It is argued that by virtue of section 64a of the Bankruptcy Act (11 USCA § 104(a), the court may determine the amount or legality of any tax due and owing by the bankrupt to the United States. When the government files a proof of claim against the bankrupt for an additional tax assessment, it is not necessary to pay the tax under protest and due for a refund. In re General Film Corp., 274 F. 903 (C.C.A. 2). The proof of claim is prima facie evidence of the validity of the claim. Whitney v. Dresser, 200 U.S. 532, 26 S. Ct. 316, 50 L. Ed. 584. A trustee may move to expunge the claim and the courts may determine whether it is due. State of New Jersey v. Anderson, 203 U.S. 483, 27 S. Ct. 137, 51 L. Ed. 284; Henderson County v. Wilkins, 43 F.2d 670 (C.C.A. 4). But a trustee in bankruptcy must file a claim for a refund in accordance with the provisions of the Revenue Act.
Section 274 of the Revenue Act of 1926 (26 USCA §§ 1048-1048f, 1050, 1052-1054) and section 271 of 1928 (26 USCA § 2272) provided that after an adjudication in bankruptcy, no petition for review may be filed by the trustee in the Board of Tax Appeals. These provisions make for consistency with § 64a of the Bankruptcy Act (111 USCA § 104 (a), and if a deficiency is assessed after bankruptcy, the bankruptcy courts have exclusive jurisdiction of new claims for taxes. But the government here has no duty to refund any except the last installment because the procedure fixed by statute for claiming such refund was not followed and there is no statutory authority to depart from the procedure in bankruptcy cases. In re Perlmutter (D.C.) 256 F. 860. The appellee's motion to set off the 1931 tax against the 1926 tax was made October 26, 1934, after the statutory period for filing a claim for a refund on the three installments paid had passed.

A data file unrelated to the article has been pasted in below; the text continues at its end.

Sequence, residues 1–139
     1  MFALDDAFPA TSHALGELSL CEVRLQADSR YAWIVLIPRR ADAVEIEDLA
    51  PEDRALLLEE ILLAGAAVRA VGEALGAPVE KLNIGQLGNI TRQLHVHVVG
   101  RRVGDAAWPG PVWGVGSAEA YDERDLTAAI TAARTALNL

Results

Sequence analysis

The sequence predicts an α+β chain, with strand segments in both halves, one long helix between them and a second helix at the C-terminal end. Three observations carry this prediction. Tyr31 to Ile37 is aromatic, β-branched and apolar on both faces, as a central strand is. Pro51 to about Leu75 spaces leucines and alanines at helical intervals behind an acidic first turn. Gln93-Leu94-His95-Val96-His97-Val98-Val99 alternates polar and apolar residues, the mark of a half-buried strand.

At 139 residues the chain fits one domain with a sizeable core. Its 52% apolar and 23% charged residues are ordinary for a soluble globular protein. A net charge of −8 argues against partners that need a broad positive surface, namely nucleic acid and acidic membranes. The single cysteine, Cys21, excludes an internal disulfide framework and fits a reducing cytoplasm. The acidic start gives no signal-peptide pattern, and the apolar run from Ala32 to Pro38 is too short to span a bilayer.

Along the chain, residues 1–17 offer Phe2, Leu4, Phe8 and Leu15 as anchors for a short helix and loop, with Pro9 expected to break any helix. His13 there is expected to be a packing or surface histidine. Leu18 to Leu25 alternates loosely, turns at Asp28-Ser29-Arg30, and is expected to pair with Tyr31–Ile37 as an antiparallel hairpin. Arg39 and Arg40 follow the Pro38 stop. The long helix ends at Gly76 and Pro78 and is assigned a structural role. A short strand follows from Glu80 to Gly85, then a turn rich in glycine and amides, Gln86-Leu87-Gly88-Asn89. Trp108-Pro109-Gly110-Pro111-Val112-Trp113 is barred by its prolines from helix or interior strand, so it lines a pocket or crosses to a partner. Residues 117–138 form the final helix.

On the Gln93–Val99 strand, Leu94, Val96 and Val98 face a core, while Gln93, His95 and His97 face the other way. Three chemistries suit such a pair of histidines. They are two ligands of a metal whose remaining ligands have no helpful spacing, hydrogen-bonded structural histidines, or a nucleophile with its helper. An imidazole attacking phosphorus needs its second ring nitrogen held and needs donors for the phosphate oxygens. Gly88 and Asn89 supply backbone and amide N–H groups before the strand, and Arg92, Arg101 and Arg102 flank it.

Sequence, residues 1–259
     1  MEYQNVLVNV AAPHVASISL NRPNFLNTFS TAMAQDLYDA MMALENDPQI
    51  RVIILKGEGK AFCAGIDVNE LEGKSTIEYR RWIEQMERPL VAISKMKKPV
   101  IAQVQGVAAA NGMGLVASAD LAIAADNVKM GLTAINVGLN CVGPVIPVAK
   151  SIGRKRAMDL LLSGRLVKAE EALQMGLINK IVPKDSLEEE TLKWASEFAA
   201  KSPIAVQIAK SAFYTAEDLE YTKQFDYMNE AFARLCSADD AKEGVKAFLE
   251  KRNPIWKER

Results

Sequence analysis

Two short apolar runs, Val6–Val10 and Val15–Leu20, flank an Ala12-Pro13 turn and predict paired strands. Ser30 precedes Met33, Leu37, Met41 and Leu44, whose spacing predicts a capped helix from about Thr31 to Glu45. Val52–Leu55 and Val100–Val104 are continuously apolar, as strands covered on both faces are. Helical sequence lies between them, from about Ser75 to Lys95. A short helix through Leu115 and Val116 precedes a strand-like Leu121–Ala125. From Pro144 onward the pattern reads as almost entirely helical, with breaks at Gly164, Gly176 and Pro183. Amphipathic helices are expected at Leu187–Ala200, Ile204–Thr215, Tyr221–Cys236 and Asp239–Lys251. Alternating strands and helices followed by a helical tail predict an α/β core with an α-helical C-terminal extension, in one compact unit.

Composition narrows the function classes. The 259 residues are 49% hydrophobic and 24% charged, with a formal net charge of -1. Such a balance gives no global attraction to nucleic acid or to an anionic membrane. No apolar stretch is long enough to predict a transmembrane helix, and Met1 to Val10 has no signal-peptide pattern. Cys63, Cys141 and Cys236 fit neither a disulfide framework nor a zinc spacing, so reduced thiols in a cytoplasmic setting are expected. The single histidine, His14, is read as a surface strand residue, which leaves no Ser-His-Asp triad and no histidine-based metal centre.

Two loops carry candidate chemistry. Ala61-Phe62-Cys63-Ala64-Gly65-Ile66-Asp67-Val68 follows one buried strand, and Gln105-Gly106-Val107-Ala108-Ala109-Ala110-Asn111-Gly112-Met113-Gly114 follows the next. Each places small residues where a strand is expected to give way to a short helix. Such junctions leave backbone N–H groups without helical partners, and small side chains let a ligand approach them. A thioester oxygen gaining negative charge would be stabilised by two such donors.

By pressing the set-off, the appellee is, in effect, asking an affirmative judgment against the United States. It is a set-off based on a cause of action which is separate and distinct from that upon which the original suit is based and the conditions of allowing the claim against the sovereign must be observed. United States v. Nipissing Mines Co., 206 F. 431 (C.C.A. 2); North Dakota-Montana Wheat Growers' Ass'n v. United States, 66 F.2d 573, 92 A.L.R. 1484 (C.C.A. 8).
Bull v. United States, 294 U.S. , 55 S. Ct. 695, 70 L. Ed. , dealt with the inconsistent claims asserted by the government as to the receipt of the same sum of money in the same year, while here are involved payments in two taxable years -- five years apart -- with different claims asserted each year. In the Bull Case, in 1925, the Commissioner assessed a deficiency against the estate for income tax for the period from the date of death to the end of the year 1920. The executors paid the deficiency but filed a claim for refund on the theory that the sum earned was corpus and not income. An illegal payment of estate tax for the same year was allowed to be set off against the income tax deficiency. The demanded payment of this income tax was regarded as a new proceeding arising out of the same transaction involved in the earlier proceeding. The court said that had the government brought an action at law in 1925, instead of assessing a deficiency, the defense of the overpaid estate tax would have been good, even if an independent suit for recovery of the estate tax was barred, and, "This is because recoupment is in the nature of a defense arising out of some feature of the transaction upon which the plaintiff's action is grounded. Such a defense is never barred by the statute of limitations as long as the main action itself is timely."
In the instant case, an attempt is made to obtain a credit for an overpayment for 1931, the refunding of which is barred, against an income tax for 1926, five years earlier. The government's claim for 1926, and the claim of the appellee for 1931, are based on entirely different circumstances. Any set-off in 1931 is not a defense arising out of some feature of the transaction upon which the government's action is grounded. This distinguishes the instant case from the Bull Case.
It was error to expunge the ...